slowly to the house still bewailing the fate of the robin.

My heart warmed toward these sweet young girls for their tender
sympathy. I almost wished I were a carrier pigeon, that I might devote
myself hereafter to their service by bearing loving messages from them
to their friends.

But, alas! I was to have a rude awakening from this pleasant thought.
As we flew that evening to our roosting-place, I observed to my mother
that if there were no cats in the world what a delightful time we birds
might have.

"You have a greater enemy than the cat," she responded sadly. "It is
true the cat is cruel and tries to kill us, but it knows no better."

"If not the cat, what enemy is it?" I asked in surprise. "I thought
the cat was the most bloodthirsty foe the birds had."

My mother dipped her wings more slowly and poised her body gracefully a
moment. Then she said impressively, "Our greatest enemy is man. No,"
suddenly correcting herself, "not man, but women, women and children."

"Women and dear little children our enemies?" said I, in astonishment.
"The pretty ladies who speak so sweet and kind! The pretty ladies who
gather roses in the garden! Would they deprive us of life?"

My mother nodded.

"Yes," she answered, "the pretty ladies, the wicked ladies."




CHAPTER II

DICKEY DOWNY'S MEDITATION

It hath the excuse of youth.
- _Shakespeare._


That night I pondered long upon what my mother had told me. Ever since
I left my shell I had been taught to respect my elders, and that it was
a mark of ill manners and bad breeding for children to question the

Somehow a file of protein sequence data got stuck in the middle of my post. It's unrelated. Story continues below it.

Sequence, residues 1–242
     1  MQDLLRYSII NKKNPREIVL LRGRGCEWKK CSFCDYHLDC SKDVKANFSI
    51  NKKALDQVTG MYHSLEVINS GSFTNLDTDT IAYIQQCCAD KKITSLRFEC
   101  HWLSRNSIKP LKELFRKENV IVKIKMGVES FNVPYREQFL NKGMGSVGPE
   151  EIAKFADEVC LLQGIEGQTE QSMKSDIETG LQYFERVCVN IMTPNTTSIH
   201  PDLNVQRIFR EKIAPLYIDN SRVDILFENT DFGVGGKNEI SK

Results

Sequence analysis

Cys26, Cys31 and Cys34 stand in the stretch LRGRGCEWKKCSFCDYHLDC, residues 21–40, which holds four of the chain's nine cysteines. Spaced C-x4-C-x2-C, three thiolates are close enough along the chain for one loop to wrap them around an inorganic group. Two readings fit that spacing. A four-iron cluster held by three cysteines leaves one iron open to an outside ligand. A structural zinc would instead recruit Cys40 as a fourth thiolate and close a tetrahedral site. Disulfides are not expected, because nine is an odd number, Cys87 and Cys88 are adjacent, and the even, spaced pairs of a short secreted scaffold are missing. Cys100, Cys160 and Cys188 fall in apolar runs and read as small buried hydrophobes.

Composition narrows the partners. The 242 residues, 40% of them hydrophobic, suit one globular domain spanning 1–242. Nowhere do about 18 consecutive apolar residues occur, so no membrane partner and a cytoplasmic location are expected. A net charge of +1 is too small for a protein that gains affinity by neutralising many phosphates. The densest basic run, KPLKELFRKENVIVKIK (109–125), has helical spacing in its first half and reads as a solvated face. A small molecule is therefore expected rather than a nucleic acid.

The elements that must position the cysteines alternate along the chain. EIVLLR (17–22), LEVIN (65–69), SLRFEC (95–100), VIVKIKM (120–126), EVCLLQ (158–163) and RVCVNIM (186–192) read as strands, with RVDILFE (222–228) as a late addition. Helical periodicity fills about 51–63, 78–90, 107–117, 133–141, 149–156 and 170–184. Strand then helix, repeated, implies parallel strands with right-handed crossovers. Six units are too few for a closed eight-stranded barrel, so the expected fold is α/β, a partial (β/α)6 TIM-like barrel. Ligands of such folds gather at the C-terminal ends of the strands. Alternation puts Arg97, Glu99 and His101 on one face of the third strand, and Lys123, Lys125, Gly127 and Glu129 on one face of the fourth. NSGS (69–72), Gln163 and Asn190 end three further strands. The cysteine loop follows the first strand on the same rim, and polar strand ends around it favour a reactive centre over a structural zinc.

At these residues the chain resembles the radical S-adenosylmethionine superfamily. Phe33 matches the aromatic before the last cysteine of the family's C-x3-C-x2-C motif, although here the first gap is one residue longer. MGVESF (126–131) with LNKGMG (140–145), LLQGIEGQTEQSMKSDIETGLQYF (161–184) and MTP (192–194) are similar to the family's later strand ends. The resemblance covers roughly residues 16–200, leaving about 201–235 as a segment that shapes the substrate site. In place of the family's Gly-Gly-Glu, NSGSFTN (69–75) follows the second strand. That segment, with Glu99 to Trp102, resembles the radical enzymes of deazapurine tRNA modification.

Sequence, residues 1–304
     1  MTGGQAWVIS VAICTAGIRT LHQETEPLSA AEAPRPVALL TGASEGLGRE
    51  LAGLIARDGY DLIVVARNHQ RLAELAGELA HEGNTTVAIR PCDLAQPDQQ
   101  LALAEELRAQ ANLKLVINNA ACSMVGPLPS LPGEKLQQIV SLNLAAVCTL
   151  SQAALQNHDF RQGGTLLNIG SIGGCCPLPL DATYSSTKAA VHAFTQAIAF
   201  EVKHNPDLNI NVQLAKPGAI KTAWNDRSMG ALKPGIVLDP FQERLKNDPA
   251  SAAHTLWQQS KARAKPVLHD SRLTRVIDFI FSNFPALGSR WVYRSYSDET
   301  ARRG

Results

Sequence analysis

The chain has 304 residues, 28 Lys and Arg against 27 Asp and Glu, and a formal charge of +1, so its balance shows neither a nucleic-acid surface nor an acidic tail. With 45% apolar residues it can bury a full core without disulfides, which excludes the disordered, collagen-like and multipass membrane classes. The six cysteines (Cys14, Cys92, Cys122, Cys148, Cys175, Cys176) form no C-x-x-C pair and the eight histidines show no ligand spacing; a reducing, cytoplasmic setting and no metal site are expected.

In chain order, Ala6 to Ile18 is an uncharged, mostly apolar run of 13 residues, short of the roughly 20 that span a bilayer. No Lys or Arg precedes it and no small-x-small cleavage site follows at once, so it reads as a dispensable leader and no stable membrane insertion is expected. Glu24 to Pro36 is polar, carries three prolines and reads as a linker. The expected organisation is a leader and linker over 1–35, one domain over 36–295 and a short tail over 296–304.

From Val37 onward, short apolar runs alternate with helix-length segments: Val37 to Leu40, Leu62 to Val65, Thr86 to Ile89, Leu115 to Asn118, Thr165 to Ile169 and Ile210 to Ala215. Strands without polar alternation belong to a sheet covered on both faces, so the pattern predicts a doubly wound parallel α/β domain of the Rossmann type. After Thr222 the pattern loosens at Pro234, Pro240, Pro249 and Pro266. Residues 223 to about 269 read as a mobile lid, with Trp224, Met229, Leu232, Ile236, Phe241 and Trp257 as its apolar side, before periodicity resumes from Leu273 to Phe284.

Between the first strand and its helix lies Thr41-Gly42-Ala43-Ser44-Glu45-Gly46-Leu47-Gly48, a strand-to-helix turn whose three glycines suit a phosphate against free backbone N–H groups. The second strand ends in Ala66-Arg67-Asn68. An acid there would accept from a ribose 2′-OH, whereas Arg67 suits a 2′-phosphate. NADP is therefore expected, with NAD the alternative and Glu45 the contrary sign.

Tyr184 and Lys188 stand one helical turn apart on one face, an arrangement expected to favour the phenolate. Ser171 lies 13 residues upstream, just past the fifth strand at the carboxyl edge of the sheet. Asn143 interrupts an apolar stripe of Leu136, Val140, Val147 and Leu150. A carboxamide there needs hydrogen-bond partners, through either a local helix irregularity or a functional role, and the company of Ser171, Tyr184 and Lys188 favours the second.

superior knowledge of those much older than themselves.
Notwithstanding this, in my secret heart I could not help thinking that
my mother was mistaken in her estimate of women when she called them
wicked. She had surely misjudged them. However, I took good care not
to mention these doubts to her.

I had heard from my grandmother, who had traveled a great deal from the
tropics to the North and back again, that women were the leaders in the
churches and were foremost in all Christian and philanthropic work;
that they provided beautiful homes for orphan children, where they took
care of them and nursed them when they were sick. She told me about
the hospitals where diseased and aged people were kindly cared for by
them. She said they were active in the societies for the prevention of
cruelty to children and to animals. They fed armies of tramps out of
sheer pity; even the debauched drunkard was the object of their
tenderest care and their earnest prayers. They held out a friendly
hand to the prisoners in the jails and sent them flowers and Bibles;
they pitied and cheered the outcast with kind words. They offered
themselves as missionaries for foreign lands to convert the heathen and
bring them to Christ. They soothed the sick and made easy the last
days of the dying.

On the battlefield, when blood was flowing and cannon smoking, my
grandmother had seen the Red Cross women like angels of mercy binding
up the gaping wounds and gently closing the glazed eyes of the expiring
soldier. In woman's ear was poured his last message to his loved ones
far away, and when death was near it was woman who spoke the words of
consolation and her finger that pointed hopefully to the stars.

Did not all this prove her to be sweet and tender and loving and gentle
and kind? Yes - a thousand times yes.

My grandmother once had her nest near a cemetery, and often related
pathetic incidents which had come under her observation at that time.
One in particular I now recalled. It was of a woman who came every day
to weep over the mound where her babe was buried. She was worn to a
shadow from her long watching through its illness, and when it was
taken from her, her grief was deep. The bright world was no longer
bright since she was bereft of her darling, and her moans for the lost
loved one were heartrending.

This incident was only yet another instance of the tenderness of
woman's nature, and I could not reconcile it with what my mother had
told me.